Hydrogel synthesis. The hydrogel polymer network was synthesized by copolymerizing the 2-hydroxyethyl acrylate (HEA), 2-hydroxyethyl methacrylate-lipoic acid (HEMA-LA),2-methacryloyloxyethyl phosphorylcholine (PC) and poly(ethylene glycol) dimethacrylate (PEGDMA) in DMSO solvent and by using AIBN as a radical initiator. The resultant gel under-went dialysis for 7 days with water replaced at least four times a day. Finally, the solvent exchanged gel was subjected to freeze-drying. The dried polymer network was then placed in water for 2 days to obtain fully swelled hydrogel. A series of hydrogels were synthesized by varying the amount of phosphorylcholine in the polymer network (0- 20 mol %). The hydrogels with PEG shielding groups were synthesized by replacing the HEA monomer with a PEG containing monomer (PEGMA).

Hydrogel characterization. The equilibrium water content in the hydrogel was determined by taking dry-weight and the swollen-weight of the sample. The mesh-size of the hydrogel was determined according to the modified Flory theory.9 The hydrophilicity was also monitored by contact angle measurements in captive bubble configuration using a home-made setup. The strain-induced crosslinking studies are performed on a parallel plate rheometer (AR 2000, TA Instruments). The cylindrical hydrogel was placed between the plates, and the cyclic compression/tension tests were conducted with a rate of 20 µm/s within a 0-25 % strain range.


We synthesized 5 sets of hydrogels consisting of 20 mol% of HEMA-LA and varying amounts of HEA (67 – 47 mol%) and PC (0 – 20 mol%) in the DMSO solvent (Figure 2a). The gel was put through dialysis for solvent exchange with water for 7 days. The solvent exchange was studied by proton NMR spectroscopy, and the DMSO in the hydrogel immersed water was monitored (Figure 2b). The resultant hydrogel was subjected to freeze-drying to get the dry polymer network. The hydrogel state was recovered by immersing the polymer network in water for 2 days. The equilibrium water content was determined by accurately weighing the dry-weight and the swollen-weight. Interestingly, the equilibrium water content in the hydrogel showed a linear relationship with the phosphocholine (PC) content (Figure 2c). The hydrogel with no PC showed insignificant water content; however, the hydrogel with 20 mol% of PC showed an equilibrium water content as high as 60 %. In addition, we tested the swelling in 1X PBS (pH 7.4) for future biological application. The results were similar, but the water intake was slightly lower than that of pure water (Figure 2d).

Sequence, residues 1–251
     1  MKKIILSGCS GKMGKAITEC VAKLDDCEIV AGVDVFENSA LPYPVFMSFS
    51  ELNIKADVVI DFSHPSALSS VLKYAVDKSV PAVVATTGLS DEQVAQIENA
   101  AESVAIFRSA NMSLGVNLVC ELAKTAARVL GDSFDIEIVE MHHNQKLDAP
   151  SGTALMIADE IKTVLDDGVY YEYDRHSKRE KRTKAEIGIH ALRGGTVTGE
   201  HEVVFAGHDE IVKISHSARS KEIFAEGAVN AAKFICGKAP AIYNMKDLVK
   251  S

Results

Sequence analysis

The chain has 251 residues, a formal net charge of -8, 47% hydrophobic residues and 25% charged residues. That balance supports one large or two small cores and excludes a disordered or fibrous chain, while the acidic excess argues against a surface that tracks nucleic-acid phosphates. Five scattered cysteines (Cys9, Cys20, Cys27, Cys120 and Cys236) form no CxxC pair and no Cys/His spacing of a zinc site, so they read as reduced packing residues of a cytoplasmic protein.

In order to demonstrate the strain-sensitive crosslinking, the as-synthesized hydrogel (HEA was replaced with PEG shielding groups) was subjected to the chemical reduction. This step activates the lipoic acid (LA) residues and generates the thiol groups, which serve as latent crosslinking sites (Figure 1b). These sites are buried within the steric shielding of the PEG units; hence, the interchain crosslinking could only occur if the free thiol groups are accessible to each other. The compressive force provides a convenient means to displace the PEG chains so that the thiol groups could react and generate interchain crosslinks. We studied the process of interchain crosslinking as a function of time under the compressive strain (Figure 3, red curve). The hydrogel showed a significant enhancement of the stiffness over time (almost 5 times compared to the original stiffness). However, a control sample that was not subjected to any compressive strain showed on a change of about 3 times the initial stiffness (Figure 3, black curve). This clearly suggests the force activated crosslinking in the hydrogel.

In summary, we have demonstrated an approach to install mechano-sensitive stiffening in hydrogel network. The method utilized reversible thiol crosslinker chemistry on a PEG appended acrylate backbone network. In addition, the phosphocholine motifs proved to be a useful parameter to tune the water content in the hydrogel.

Future Work.

Our preliminary results have shown the approach to synthesize mechano-responsive stiffening hydrogels. Next, we will determine the contact angle of the hydrogel as a function of PC concentration. The amount of residual free thiol groups will be quantified as a function of crosslinking time to monitor the process in detail. We will also study the effect of the direction of strain on the crosslinking process. Finally, we plan to grow cells on these hydrogels to quantify the effects of cell-generated forces on hydrogel stiffening.